How different everything has been since then! My search for happiness and contentment in the things of this world is now satisfied by a loving relationship with Jesus Christ. My desire for acceptance has been met with the promise that I am a child of God as it says in John 1:12. Insecurity and anxiety were replaced with the surety that I am in the “shelter of the Most High and in the shadow of the Almighty” (Psalm 91:1). I was delivered from my self-destructive ways and was made new (Colossians 1:13–14).
I am ashamed of my sinful past, but it serves as a helpful reminder of where I've come from and of the power of the cleansing blood of Jesus. To this day (thirty years this month), God is my helper. He graciously continues to show me areas of sin in my life and enables me to change. My weakness is often still to fret and worry and even assume the worst, but the many promises of God remind me that he is sovereign and has taken care of the most important thing.
I am thankful for the many kindnesses of God, which include my husband Steve, our seven children, daughter-in-law, son-in-law, two grandsons, and our church. God has provided much help and direction through our pastor, Tim Kerr, and his wife Joanne, who have faithfully and tenderly cared for our souls over the years. Their constant example of extending grace has led me to a deeper understanding of the message of the gospel. God has “given me a wide place for my steps under me, and my feet [do] not slip” (Psalm 38:6), but I do long for the day when I will finally see my Saviour face to face.
February 4, 2014 by
Categories: Articles | Testimonies
We love sharing stories from folks in Sovereign Grace churches who have been saved by the power of the gospel. Tyler Petresky is part of Metro Life Church in Casselberry, Florida. Hear from Tyler about God's grace in saving him:
I am a student of 18 years from Milton, Florida. I grew up there my entire life and was raised attending a Baptist church in the area. Every Sunday, my parents would wake up my sister and I, and we would have breakfast together and ride to church to attend the service for that week. After years of this repetition, I was eventually “saved” at the age of six and baptized.
The years following were fairly normal as I attended elementary school. Near the end of elementary school, my mother told my sister and I that she wanted to get a divorce from my father. I didn’t fully realize what that meant, but it ended up happening. After four years and a lot of confusion and subterfuge, my parents finally finished their divorce and my sister and I got trapped in the endless cycle of parental custody. Stay with mom and go see dad every Wednesday for four hours and then every other weekend. It was around this time that my mom got remarried to my now-stepdad and we gained two new step-siblings.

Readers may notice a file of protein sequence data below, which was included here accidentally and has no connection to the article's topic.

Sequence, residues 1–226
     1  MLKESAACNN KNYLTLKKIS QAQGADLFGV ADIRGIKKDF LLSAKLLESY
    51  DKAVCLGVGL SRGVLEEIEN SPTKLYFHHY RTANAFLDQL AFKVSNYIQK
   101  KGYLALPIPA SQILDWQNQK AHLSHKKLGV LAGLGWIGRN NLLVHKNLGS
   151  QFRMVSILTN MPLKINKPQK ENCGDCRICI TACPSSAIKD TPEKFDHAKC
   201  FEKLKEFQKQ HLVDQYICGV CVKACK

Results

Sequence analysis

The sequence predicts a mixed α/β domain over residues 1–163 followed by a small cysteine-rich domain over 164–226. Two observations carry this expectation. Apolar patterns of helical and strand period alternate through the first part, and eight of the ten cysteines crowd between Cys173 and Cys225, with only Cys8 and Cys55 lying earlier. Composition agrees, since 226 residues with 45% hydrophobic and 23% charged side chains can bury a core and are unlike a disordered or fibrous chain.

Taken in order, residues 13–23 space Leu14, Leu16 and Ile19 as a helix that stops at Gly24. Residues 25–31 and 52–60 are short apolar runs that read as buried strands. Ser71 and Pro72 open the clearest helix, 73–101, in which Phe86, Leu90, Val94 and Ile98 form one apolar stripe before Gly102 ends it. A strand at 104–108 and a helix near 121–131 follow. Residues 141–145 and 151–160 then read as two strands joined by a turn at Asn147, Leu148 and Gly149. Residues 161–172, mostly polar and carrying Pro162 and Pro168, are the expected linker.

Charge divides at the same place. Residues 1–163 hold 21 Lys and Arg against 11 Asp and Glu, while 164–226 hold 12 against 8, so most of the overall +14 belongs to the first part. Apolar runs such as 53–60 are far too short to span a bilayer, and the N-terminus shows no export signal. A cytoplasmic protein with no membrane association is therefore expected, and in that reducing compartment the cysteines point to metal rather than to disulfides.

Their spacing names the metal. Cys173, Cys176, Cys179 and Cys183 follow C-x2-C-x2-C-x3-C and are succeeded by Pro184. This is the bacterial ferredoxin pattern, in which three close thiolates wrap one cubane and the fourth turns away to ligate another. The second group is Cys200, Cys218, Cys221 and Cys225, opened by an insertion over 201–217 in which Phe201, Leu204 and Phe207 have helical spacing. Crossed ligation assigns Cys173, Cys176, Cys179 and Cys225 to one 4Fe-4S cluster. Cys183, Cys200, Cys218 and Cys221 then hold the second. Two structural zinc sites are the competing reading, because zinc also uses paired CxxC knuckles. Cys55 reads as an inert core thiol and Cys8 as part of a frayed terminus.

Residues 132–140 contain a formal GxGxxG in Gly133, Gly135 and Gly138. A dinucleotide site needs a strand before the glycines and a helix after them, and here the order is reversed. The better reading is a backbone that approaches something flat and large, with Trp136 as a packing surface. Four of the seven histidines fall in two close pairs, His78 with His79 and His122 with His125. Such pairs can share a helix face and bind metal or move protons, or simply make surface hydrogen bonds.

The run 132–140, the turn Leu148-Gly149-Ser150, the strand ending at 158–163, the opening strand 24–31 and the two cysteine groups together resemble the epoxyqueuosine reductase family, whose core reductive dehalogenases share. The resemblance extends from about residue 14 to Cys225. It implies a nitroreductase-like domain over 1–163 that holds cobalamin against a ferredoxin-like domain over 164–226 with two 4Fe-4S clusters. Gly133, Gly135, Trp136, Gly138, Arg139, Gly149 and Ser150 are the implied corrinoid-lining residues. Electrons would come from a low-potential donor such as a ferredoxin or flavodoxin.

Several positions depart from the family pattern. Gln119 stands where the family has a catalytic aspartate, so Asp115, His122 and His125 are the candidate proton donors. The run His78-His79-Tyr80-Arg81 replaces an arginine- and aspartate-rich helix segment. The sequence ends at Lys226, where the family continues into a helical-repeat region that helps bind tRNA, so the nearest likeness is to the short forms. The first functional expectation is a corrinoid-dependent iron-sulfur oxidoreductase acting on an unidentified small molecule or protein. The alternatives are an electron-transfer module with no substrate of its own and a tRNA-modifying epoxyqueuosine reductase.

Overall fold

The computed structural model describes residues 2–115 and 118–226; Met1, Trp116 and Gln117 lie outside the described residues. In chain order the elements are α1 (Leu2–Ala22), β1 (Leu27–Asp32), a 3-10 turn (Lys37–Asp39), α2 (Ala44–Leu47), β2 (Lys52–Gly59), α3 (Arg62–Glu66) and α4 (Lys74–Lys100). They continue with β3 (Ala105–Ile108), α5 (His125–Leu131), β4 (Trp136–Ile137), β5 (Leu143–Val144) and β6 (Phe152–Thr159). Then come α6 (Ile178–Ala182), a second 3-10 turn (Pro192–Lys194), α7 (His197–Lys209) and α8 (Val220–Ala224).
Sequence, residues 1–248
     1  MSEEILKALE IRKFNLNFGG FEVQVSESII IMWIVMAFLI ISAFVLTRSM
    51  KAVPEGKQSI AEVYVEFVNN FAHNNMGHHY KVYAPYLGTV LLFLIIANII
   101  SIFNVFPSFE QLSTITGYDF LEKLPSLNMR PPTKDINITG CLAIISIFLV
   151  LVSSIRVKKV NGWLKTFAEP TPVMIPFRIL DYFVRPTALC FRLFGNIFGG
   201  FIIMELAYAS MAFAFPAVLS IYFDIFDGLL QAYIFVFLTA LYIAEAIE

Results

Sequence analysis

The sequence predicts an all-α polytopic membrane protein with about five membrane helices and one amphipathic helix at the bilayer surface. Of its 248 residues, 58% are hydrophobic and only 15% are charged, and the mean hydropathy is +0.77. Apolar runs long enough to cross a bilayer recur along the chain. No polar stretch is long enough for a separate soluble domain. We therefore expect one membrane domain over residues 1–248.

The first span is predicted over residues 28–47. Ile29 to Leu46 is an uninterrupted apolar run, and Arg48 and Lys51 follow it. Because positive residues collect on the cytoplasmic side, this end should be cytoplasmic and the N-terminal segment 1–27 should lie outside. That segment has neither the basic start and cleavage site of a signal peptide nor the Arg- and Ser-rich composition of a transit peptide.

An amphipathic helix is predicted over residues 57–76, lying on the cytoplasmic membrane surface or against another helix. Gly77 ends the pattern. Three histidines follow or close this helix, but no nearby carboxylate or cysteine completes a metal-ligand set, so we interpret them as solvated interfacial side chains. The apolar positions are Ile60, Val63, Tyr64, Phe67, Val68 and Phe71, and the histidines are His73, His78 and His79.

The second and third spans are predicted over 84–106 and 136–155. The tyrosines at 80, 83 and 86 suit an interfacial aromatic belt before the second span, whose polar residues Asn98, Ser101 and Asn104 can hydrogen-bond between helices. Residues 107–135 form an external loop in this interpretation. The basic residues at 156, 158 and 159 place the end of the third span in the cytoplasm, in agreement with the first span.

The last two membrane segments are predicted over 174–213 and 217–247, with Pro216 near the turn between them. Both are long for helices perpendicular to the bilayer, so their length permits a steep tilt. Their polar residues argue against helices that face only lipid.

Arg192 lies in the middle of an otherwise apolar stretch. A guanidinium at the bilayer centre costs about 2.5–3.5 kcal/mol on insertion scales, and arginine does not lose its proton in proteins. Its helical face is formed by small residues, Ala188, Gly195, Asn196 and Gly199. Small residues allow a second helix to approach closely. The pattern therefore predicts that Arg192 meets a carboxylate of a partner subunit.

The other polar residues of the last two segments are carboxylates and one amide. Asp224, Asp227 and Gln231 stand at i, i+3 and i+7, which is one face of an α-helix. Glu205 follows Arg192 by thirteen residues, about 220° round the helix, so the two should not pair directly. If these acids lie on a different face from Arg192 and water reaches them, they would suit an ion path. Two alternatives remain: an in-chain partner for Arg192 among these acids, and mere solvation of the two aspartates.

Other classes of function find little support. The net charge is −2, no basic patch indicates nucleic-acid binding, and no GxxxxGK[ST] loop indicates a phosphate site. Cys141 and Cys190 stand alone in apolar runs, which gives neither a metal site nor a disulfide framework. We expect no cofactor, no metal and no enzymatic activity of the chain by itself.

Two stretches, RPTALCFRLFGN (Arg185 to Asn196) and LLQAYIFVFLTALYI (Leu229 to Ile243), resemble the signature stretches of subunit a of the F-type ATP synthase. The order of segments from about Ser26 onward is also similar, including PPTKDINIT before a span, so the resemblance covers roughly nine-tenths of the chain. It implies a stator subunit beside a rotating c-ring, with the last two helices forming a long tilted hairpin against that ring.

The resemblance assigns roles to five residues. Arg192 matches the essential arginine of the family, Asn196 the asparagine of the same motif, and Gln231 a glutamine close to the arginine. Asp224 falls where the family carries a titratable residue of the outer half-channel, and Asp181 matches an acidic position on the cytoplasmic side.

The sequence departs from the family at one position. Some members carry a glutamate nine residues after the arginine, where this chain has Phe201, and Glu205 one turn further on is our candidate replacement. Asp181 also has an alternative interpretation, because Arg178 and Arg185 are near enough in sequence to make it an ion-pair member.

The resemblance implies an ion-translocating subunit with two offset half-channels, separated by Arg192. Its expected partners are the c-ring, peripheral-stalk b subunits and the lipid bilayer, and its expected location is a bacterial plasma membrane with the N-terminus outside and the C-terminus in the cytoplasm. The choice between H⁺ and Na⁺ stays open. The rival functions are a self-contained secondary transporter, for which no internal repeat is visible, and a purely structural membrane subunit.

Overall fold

When high school rolled around, the world started to get to me. During my freshman year in high school, I was exposed to a collection of experiences that began to influence me and the way that I acted. All of my new friends expressed every emotion, positive and negative, with curses and swears. I saw girls walking around pregnant and heard guys bragging about the sex that they had the night before. I ran into people who talked about the parties they attended and how wasted they got prior to passing out from inebriation. All in all, this year was a total culture shock that led into the rest of high school.
I became the people I observed. The fallen world took me down with it and had me in a headlock. It was extraordinarily fun for me to curse. It was extremely enjoyable to make inappropriate jokes and laugh at the pain of others. It was perfectly justifiable to use other peoples’ flaws to cover up my own. I judged the lame and less fortunate with a harshness that would curl the lips of a self-righteous miser. Later, in my junior year, I had my eyes on a girl and soon became sexually immoral. Only by the grace of God did I not lose my virginity. I had a ton of fun during these years, but I now regret to say that I did it all as a proclaimed Christian.
After I graduated from high school, I received a scholarship to attend the University of Central Florida. God had a new plan for my life, and I had no idea what train I was about to board. A local pastor and very good friend of mine suggested that I attend Metro Life Church when I went to Orlando for college. I decided to take his advice and attend because I knew that my life wasn’t exactly the best in the world. I just didn’t have many convictions and didn’t realize how bad off I actually was.
About halfway through the drive down to Orlando, I received a call from a number that I didn’t recognize. When I answered it, I was greeted by Pastor Aron Osborne from Metro Life Church. He personally invited me to attend the church the next Sunday, and I graciously accepted.
After arriving at my apartment and waiting for Sunday to come around, I drove 20 minutes to this church building in Casselberry, Florida to attend a service. I entered the building and was greeted by so many people, including the pastor, and people made an effort to introduce themselves to me because they hadn’t seen me before. It was the most friendly environment I had ever experienced. During the service, one of the other pastors, Aaron Law, introduced me to a guy in the crowd that I could sit with. I got to know this boy and the people sitting with him, and they invited me to the luncheon that the church was holding after the service. It was a luncheon for young adults and young couples, and I decided that I’d go.
After the phenomenal service, I made my way to the room where the luncheon was being held and found that my new friends’ table was completely full. I was pretty bummed, so I quietly walked by and found a seat at an empty table. I can say to this day that I am so very thankful that God filled up that table, or else I might very well still be lost.